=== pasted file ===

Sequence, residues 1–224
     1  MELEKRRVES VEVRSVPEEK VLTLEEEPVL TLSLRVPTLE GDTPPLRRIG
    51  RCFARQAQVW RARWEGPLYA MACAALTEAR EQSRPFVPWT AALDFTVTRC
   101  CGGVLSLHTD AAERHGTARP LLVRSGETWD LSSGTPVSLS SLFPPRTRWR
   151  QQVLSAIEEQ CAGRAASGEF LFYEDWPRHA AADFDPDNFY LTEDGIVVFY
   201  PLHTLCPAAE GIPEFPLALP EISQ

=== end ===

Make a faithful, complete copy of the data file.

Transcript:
Sequence, residues 1–224
     1  MELEKRRVES VEVRSVPEEK VLTLEEEPVL TLSLRVPTLE GDTPPLRRIG
    51  RCFARQAQVW RARWEGPLYA MACAALTEAR EQSRPFVPWT AALDFTVTRC
   101  CGGVLSLHTD AAERHGTARP LLVRSGETWD LSSGTPVSLS SLFPPRTRWR
   151  QQVLSAIEEQ CAGRAASGEF LFYEDWPRHA AADFDPDNFY LTEDGIVVFY
   201  PLHTLCPAAE GIPEFPLALP EISQ